I waved my hands. Fine by me. In all honesty, if I was going to get pinned on some gang weapons, I wanted to go out with a bang. He should have seen the assault rifle I had in the back room.

"How many of the things missing from the house in the Hamptons have you sold here?"

I had one of those mental record scratch moments right then. I'm pretty sure my face showed it, too. Now that seemed like a completely different investigation. I frowned, gesturing to the warrant.

"The paper says you're looking for guns, bro'. I don't remember Mom ever hanging around with a Glock." Vergil rolled his eyes, but his girlfriend looked just as confused as I was right then. I'd already established at the apartment I didn't want him in my business, but he had also said he was trying to figure out what happened to our parents.

I hated to admit what was missing from the house was because of me.

He grabbed the warrant, stuffing it into his coat pocket, and made a point of showing me his open palms. "Fine, off the record, then." He leaned over the desk, hands gripping the edge as he gave me a piercing look. I didn't back down, instead stuffing the rest of my pizza into my mouth all at once.

"You remember those amulets mother gave us when we were children, I'm sure..."

Oh. Oops.

"Yeah," I said, mouth full. Even if I'd wanted to lie, I was pretty bad at it. I was nice enough to swallow before I continued. "Why?" There was a lot I wanted to ask, but despite how talkative I could be, family business was just that--family business, and as cute as she was, Vergil's partner was decidedly not my family.

"Because mine's gone." Heh heh. "I went back to the house earlier to look for it, and it was nowhere I would have left it." He paused, glancing at his partner. "Would you excuse us for a moment?"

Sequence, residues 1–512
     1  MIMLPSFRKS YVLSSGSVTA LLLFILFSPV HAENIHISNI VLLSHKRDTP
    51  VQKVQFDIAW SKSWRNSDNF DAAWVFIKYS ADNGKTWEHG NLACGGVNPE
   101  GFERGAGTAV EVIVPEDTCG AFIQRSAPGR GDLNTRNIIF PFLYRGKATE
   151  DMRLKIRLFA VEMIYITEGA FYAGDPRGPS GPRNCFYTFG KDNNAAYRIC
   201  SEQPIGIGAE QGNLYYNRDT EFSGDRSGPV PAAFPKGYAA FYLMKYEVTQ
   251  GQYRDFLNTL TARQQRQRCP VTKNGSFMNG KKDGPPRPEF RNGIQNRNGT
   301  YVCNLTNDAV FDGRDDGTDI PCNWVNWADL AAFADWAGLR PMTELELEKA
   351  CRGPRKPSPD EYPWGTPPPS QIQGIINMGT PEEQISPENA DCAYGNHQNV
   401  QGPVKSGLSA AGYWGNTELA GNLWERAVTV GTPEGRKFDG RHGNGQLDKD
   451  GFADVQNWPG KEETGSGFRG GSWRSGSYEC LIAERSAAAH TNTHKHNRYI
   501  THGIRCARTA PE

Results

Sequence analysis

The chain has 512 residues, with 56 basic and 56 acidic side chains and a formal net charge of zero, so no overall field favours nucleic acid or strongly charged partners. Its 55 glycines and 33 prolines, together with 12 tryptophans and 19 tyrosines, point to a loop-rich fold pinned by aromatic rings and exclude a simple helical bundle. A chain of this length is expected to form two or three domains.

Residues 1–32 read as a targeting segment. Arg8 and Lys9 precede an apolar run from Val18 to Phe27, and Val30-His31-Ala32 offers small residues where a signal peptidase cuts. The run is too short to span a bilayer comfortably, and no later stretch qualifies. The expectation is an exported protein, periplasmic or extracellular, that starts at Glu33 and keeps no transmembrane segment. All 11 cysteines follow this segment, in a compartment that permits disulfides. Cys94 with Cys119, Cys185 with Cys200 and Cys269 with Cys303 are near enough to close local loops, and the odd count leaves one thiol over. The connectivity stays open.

She quirked a brow, but slid off the desk a few seconds later. Looked like Batman was going to get some extra special attention. We both watched her saunter over to the suit, meeting eyes again almost on the same beat.

"Perhaps a little more privacy would behoove this conversation." He gestured up to the stairs with his chin. I glanced upwards, then nodded. Without a word, I pushed myself back from the desk. Just as we were about to ascend the stairs, though, I turned to the girl. She arched a brow as I leaned in.

"Just remember, babe--you break it, you bought it."

She did a pretty good impression of my brother right then, looking thoroughly unamused. "Thanks for the warning; I'll stick to breaking hearts."

Oh, feisty.

I smiled, turning to hike up the single flight of stairs. A set of heavy chains hung across the pathway about half-way up, but I just stepped over them. They weren't really to keep people out, just to slow them down. The loft was where I kept all my expensive stuff, after all--I didn't want just anyone running around up there.

The door nudged open easily with a push from my elbow; I'd left it unlocked after I did my daily check to make sure everything was still accounted for. I didn't really keep a written inventory, half because I was lazy, and half because it would be incriminating. Besides, I happened to be pretty good at keeping my organized chaos in check.

I left the door open just long enough so Vergil could slip inside behind me before kicking it shut with my foot. Funny how just a few minutes prior he'd been threatening me with a search warrant. As angry as I still was with him, and confused by his random bout of compassion concerning my girls. If it had something to do with his quest to put our parents to rest, I'd be a lot more accommodating. He probably knew that.

The loft was a lot neater than the rest of the shop; most items were kept locked behind glass or bars, meaning only I had access. The larger weapons and some old paintings hung on the wall. I took to leaning back against the door, crossing my arms. Vergil took a moment to glance around, for once not looking completely appalled at the way I kept my space.

"You really didn't know this place was mine, huh?" I didn't believe that for a second. He turned to face me again, sigh.

"No, I really didn't know." The distance between us closed, but stayed respectable enough. He looked me straight in the eye. "Come on, I'm a better liar than you are, but you could always tell when I wasn't being truthful--I didn't know. I don't care about your shop, all right?" I still didn't believe him. He spread his arms wide, gesturing about vaguely at my assortment of goods in the cases that surrounded us. "You can sell all the illegal junk you want in here and it's really none of my damn business. I didn't come here to arrest you again--you're enough of a pain in the ass when you're not in my hair--" I snorted. His fault for finding me, wasn't it? "--I was sent here on a lead after Wesker, not you."